In August, she fought back against competitor Vivek Ramaswamy when he suggested the U.S. gradually reduce its military aid to Israel. Since 2009, the U.S. has given Israel $3.4 billion in missile defense funding, which includes $1.3 billion just for the Iron Dome, its air-defense system, since 2011.
One of the last steps she took as ambassador before she stepped down in 2018 was to prompt a U.N. vote that, if passed, would have condemned actions by Hamas, though that vote failed.
In an interview with Fox News, the former vice president said Israel has "no choice but to crush Hamas."
"We will stand with Israel when this ground assault begins, and we will stand with Israel every day through the hard fighting and loss that will occur until they achieve an outright victory," Pence said.
Pence placed blame on the Bush administration for turning Gaza "over to Hamas" and called that policy of "containment" a "catastrophic failure." He also criticized the Biden administration's position on Iran and claimed it laid the groundwork for Hamas's attack on Israel.
Pence said that if he were president, he would tell leaders in Egypt to accept Palestinian refugees: "Send us the bill. We'll set up the refugee camps," he told Fox News. He also said he would direct U.S. forces into the Mediterranean as a message to Hamas allies Hezbollah, and those in Syria and Iran that "all of them are to stand down." He also said U.S. special forces should go into the region to rescue American hostages.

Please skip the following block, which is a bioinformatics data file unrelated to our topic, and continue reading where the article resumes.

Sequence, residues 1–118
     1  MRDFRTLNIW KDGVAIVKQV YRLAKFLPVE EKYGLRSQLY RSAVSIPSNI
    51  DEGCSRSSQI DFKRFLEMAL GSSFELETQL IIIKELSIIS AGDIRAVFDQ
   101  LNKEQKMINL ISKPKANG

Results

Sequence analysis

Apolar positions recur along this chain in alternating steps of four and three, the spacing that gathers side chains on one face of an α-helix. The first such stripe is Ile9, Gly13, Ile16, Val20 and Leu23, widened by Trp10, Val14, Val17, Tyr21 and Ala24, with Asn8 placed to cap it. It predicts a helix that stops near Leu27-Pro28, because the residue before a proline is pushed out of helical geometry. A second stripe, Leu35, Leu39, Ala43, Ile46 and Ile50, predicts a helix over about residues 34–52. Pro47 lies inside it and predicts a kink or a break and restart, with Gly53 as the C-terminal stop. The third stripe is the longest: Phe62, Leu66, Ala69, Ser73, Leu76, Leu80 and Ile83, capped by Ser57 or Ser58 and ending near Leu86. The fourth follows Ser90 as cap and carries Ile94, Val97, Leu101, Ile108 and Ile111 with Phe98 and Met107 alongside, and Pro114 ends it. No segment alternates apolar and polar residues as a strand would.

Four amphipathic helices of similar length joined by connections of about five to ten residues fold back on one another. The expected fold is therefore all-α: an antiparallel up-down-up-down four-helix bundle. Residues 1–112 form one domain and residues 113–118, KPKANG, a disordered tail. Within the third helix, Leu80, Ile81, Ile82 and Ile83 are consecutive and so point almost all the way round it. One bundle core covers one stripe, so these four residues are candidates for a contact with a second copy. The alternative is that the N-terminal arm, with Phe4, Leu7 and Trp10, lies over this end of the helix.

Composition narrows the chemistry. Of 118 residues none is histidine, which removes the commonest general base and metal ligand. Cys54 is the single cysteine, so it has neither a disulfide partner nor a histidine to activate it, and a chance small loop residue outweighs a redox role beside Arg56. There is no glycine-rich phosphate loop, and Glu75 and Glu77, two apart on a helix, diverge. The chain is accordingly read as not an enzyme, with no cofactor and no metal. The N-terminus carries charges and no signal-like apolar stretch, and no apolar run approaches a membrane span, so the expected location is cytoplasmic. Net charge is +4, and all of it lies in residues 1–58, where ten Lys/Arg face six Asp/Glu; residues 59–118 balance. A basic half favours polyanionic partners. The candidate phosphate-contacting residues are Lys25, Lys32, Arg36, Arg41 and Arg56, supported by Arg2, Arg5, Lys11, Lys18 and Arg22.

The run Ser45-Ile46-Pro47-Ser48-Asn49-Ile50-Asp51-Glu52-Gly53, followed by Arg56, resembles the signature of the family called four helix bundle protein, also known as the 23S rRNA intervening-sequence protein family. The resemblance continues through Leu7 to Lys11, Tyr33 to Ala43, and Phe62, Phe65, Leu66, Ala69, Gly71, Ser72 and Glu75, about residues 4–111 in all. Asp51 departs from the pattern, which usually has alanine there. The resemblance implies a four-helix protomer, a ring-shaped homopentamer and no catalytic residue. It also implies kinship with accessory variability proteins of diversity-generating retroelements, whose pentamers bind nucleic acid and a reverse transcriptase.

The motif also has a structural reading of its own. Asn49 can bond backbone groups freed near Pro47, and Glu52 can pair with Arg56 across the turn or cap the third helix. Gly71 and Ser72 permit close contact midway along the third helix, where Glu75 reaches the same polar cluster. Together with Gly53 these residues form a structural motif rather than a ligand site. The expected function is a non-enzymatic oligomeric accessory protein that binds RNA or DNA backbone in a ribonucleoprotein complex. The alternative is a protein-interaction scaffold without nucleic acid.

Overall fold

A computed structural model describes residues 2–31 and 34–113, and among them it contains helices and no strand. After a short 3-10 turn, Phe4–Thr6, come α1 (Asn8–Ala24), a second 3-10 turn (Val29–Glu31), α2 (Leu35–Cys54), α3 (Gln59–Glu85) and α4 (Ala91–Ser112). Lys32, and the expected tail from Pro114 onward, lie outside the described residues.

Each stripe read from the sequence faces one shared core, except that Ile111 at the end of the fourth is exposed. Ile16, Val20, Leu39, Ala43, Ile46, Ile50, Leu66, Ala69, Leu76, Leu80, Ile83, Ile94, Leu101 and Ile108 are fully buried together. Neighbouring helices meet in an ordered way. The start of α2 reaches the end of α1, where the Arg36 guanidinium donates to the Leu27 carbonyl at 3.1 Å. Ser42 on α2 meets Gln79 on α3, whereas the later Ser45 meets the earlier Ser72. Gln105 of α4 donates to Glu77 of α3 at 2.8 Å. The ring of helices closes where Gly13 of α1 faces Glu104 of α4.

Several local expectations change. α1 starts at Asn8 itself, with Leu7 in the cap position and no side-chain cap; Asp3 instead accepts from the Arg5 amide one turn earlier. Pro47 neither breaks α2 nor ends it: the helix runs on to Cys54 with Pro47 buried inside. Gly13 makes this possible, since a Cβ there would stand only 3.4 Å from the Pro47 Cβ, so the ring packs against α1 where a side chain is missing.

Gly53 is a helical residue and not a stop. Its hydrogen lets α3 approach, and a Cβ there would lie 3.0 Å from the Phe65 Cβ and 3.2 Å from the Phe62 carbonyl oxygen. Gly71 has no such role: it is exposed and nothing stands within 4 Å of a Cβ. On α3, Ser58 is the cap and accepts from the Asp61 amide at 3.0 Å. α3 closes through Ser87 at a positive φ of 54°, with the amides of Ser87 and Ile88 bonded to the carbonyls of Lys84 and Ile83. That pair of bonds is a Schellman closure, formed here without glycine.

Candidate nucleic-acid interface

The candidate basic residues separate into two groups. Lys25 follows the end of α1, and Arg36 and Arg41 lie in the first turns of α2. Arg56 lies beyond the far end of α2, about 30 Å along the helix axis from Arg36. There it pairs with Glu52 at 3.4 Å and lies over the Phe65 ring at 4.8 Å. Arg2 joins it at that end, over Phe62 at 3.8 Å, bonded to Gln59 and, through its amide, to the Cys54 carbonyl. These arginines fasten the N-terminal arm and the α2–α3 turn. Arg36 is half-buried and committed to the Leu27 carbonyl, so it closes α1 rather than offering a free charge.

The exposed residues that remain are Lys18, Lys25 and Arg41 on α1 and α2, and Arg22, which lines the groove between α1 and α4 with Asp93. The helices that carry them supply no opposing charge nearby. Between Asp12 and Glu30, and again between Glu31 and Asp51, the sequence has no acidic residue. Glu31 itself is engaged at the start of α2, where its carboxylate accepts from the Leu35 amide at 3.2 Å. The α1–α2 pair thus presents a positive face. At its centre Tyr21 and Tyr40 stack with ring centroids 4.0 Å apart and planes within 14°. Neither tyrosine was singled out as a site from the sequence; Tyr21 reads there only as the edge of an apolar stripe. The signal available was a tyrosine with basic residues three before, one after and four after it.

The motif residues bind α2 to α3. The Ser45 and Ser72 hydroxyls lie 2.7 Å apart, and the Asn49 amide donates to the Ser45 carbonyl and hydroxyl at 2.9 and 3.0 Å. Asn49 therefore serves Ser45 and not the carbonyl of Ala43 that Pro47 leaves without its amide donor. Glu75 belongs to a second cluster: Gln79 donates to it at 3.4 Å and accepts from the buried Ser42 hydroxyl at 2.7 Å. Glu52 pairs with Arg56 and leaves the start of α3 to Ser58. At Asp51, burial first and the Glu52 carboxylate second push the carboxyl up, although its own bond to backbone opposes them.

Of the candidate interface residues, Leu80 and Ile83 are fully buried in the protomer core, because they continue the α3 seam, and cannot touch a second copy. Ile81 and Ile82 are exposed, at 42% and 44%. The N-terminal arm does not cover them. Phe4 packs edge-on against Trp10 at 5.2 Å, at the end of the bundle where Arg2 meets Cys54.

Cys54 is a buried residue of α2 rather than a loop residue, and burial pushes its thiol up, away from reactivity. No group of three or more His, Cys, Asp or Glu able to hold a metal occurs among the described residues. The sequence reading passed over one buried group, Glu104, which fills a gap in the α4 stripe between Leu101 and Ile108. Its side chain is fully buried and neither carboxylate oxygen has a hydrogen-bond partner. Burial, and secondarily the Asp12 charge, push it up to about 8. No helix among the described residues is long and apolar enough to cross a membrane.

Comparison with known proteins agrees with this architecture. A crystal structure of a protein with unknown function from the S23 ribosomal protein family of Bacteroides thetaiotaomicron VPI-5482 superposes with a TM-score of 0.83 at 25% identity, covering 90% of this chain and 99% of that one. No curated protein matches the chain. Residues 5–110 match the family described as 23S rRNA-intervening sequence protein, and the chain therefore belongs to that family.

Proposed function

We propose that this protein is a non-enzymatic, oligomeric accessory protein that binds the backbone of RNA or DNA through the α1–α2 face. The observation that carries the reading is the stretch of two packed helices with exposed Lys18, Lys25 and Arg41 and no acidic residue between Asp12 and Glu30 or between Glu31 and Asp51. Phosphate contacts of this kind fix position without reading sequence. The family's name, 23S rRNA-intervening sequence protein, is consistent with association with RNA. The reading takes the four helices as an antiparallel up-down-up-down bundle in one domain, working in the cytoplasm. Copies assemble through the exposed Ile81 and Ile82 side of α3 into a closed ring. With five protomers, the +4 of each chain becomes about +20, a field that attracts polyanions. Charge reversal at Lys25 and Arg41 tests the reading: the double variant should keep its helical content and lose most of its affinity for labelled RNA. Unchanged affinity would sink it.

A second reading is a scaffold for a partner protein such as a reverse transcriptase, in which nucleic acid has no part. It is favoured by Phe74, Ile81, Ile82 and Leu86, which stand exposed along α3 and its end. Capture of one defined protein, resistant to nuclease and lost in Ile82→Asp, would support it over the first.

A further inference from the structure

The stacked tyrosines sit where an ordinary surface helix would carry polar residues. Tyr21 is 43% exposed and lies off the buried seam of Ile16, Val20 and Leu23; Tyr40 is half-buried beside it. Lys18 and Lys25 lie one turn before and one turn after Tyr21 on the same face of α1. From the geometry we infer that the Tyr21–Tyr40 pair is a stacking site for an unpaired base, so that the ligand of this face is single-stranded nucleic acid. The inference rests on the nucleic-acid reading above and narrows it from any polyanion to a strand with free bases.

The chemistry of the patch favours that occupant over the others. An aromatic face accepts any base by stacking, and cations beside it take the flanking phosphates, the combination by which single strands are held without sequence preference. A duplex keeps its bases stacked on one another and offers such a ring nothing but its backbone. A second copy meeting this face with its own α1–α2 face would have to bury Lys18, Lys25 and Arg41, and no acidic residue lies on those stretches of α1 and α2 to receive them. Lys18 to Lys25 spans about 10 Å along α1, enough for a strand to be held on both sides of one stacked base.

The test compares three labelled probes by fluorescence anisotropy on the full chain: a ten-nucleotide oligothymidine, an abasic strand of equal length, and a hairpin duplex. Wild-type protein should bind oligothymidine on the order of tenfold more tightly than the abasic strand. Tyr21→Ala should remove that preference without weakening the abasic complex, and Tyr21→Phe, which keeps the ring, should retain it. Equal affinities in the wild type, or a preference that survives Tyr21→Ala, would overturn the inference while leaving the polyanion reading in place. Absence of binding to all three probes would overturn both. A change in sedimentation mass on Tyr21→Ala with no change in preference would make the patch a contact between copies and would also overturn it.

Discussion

The entrepreneur is one of the loudest advocates in the field for American isolationism in foreign policy. He's extended that stance to Israel, saying that the U.S. should phase out aid for Israel.
While Ramaswamy condemned what he called a "barbaric" and "medieval" attack from Hamas, he said the U.S. should avoid a "knee-jerk response" and take a "cool-headed" approach in Gaza so that the war doesn't grow into a larger conflict in the Middle East.
"We do support Israel," Ramaswamy said. "Israel needs to define its objectives before we know what that support even entails. But I do think it's going to take somebody who gets to the facts rather than just the emotional hysteria that we're seeing from some of the other candidates."
The former New Jersey governor alleged on X that Biden's strategy of so-called appeasement "invited" the attack on Israel.
"Under my presidency, America will restore the deterrence Biden has foolishly given away," he said.
In an interview, Christie blasted Trump for praising Hezbollah. "Only a fool would give comments that could give aid and comfort to Israel's adversary in this situation," Christie said.
The South Carolina senator has stressed the long-term alliance between the U.S. and Israel, and supported Netanyahu's "restraint" in the war thus far.
"Americans should stand shoulder-to-shoulder, back-to-back, with no daylight with Israel," Scott said of the Israel-Hamas war.
Scott said he believes the U.S. should bring military capacities into the region so that they can "be responsive" if the conflict grows. He, like Pence, added that special forces should be ready to rescue American hostages.
In a statement last week, Burgum called the Hamas attack "reprehensible." The governor of North Dakota was one of 20 governors, including DeSantis, who wrote a letter to the White House expressing support for Israel, while denouncing what they claim is the Biden administration's "appeasement-first foreign policy."
The letter claims that Biden's response has empowered Iran and allowed "state-sponsors of terror" to attack Israel.
Burgum expanded on these claims during an event at the Hudson Institute, a conservative think tank. "Hamas is a proxy of Iran," he said. "This is Iran's war on Israel and it's a war on America."
Jake Sullivan, Biden's national security advisor, said the U.S. can't confirm at the moment if Iran knew about the attack beforehand or if it helped Hamas plan it.